Nor did my Physical Science teacher, Mr. Unger, have much sympathy for the student who could fly all over the world but never so much as take thirty minutes to try and keep up with the students back home who’d slaved over test tubes and a pop quiz and tandem trials in the lab for the meager grades he doled out. No, Mr. Unger was firm, at least that’s how he began the test when I gave him my song-and-dance hoping he would reconsider, but the further I got down the page the more I realized I was in big trouble. Nothing made any sense; it was if I’d not only not studied, I hadn’t a clue as to what he’d tried to teach me all year. Was I just nervous? Or was science truly never going to be my true calling. All I remember is I performed badly, and upon receiving the word of an almost failing score my face went absolutely ashen. “Okay maybe that was a lot to ask of a student. Maybe I’ll just give you a ‘B’.”

By the time my first day back at school was over, I was an accomplished failure – but a relieved one. Nobody actually failed me; they just looked disappointed in the change that had come over their usually compliant student. Oh sure, she had sent postcards to the class from Rome, and even brought gifts for the teachers, but had she even bothered to actually complete one assignment? Where had they failed her? If your straight-A student doesn’t care, how could one possibly hope to motivate the ones teetering on the edge?

And Dad, he never stopped the running joke about the books he carried all over the world for his two daughters. And the strap that didn’t hold. And the books that never got opened. What Dad couldn’t see was the future; the younger daughter who would make good use of all that effort and discipline and go on to become yearbook editor, a registered nurse, a mother who home-schooled two wonderful kids, yada yada yada, and the elder lackluster one who would graduate number eleven in her class (falling out of the top-ten in her last semester of high school), become a teacher’s aide in her former elementary school, then a mother of four who took education seriously, prodding and assisting kids with their assignments – her kids, anybody’s kids. Reviewing books like Great Expectations, which in truth she never actually got around to reading, she just watched the movie and let it go at that. Sorry Charles Dickens. I couldn’t. Maybe I could. But I didn’t. Maybe I will…someday.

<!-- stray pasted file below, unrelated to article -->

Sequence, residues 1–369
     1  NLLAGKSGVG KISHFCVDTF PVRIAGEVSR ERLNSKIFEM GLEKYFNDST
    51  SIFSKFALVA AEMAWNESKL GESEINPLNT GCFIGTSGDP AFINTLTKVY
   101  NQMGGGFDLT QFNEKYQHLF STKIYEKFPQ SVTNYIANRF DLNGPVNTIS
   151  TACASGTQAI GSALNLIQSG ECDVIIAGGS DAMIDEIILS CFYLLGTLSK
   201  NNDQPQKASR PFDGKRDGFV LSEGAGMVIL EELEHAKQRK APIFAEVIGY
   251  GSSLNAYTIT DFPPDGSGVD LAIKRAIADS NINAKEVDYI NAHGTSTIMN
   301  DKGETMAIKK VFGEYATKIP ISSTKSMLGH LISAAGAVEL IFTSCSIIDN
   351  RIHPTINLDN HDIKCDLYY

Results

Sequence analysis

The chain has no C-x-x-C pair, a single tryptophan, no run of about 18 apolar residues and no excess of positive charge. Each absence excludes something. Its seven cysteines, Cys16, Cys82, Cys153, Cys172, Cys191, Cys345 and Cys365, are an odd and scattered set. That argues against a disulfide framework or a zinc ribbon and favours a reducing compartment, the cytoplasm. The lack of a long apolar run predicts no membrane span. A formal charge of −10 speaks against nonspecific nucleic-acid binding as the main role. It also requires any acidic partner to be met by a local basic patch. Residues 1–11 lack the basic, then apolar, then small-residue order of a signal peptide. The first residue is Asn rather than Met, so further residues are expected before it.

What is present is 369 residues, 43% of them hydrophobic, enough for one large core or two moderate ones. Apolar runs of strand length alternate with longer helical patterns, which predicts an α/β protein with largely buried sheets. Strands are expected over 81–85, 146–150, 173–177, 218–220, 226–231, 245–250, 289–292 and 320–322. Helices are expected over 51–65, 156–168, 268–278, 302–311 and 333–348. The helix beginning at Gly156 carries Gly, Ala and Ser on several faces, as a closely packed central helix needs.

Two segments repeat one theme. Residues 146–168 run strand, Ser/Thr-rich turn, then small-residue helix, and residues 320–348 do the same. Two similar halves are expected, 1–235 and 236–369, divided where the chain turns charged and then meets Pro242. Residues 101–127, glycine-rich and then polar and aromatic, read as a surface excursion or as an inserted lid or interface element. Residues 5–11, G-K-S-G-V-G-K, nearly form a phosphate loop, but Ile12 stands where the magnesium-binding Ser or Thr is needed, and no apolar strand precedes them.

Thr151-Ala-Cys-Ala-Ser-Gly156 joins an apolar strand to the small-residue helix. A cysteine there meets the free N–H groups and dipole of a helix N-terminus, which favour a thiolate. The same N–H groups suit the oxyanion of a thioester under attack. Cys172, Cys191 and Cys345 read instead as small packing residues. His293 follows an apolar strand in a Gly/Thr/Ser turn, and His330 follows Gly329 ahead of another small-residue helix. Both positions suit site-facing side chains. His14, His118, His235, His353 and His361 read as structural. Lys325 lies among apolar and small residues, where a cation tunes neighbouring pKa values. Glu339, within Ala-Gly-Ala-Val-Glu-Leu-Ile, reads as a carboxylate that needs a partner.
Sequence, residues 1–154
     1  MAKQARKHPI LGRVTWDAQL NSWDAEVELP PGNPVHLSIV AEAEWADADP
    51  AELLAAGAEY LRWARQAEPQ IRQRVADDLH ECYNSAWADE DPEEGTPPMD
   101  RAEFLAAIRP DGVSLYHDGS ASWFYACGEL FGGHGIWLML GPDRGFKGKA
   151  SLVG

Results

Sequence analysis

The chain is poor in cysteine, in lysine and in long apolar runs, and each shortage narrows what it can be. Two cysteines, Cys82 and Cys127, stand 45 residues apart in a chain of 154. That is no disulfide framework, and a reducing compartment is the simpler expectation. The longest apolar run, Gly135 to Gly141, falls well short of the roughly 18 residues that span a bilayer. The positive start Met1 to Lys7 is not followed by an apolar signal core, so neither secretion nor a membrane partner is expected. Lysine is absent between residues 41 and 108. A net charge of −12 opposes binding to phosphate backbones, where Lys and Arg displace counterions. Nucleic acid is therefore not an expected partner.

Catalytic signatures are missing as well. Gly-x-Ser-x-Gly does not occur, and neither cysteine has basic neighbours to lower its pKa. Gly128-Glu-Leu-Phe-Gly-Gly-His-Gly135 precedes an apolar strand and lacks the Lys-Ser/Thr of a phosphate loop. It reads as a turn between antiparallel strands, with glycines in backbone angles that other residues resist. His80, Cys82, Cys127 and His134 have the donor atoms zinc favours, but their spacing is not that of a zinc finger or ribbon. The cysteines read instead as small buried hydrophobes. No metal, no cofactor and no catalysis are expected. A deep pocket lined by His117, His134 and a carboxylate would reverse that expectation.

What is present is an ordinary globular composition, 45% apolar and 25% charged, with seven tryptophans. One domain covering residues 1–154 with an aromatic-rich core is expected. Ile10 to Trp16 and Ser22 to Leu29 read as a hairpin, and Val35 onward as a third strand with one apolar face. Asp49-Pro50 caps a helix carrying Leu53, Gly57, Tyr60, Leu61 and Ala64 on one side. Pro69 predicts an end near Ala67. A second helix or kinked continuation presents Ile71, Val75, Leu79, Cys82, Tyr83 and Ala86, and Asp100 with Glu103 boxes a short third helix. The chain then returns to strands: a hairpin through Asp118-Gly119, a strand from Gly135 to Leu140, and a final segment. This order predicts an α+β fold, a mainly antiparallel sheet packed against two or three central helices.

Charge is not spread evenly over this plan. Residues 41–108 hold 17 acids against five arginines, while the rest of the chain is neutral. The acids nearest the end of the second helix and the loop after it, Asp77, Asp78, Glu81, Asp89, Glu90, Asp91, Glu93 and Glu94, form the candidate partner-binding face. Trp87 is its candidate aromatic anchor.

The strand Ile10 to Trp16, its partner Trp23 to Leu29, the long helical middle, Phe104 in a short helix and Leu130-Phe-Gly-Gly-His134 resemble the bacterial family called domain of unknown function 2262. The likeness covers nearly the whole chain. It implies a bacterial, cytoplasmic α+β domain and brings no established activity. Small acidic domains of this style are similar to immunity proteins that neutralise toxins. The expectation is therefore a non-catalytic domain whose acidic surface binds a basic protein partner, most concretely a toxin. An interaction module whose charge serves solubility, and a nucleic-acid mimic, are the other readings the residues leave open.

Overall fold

Oh, and that name, Pip? It found its way back to her when she had a kid, a studious one it turns out who would grow up to become a teacher; a kid she named Piper–and nicknamed, yes, of all things, Pip.

About this writer

  • Doreen FrickDoreen Frick is always ready for an adventure, she is now 62 and thinking about where she’ll take off next. She began to write in her twenties while raising four kids in a little bus in Washington State with her husband and a lot of faith. She wrote that story too, in her book Hodgepodge Logic: One Woman’s Journey Through Marriage, Moves, and Motherhood.

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2 Responses to “Pip”

  1. Linda O'Connell says:

    I enjoyed reading your story. What a dad, lugging those books all over.

  2. Leanne says: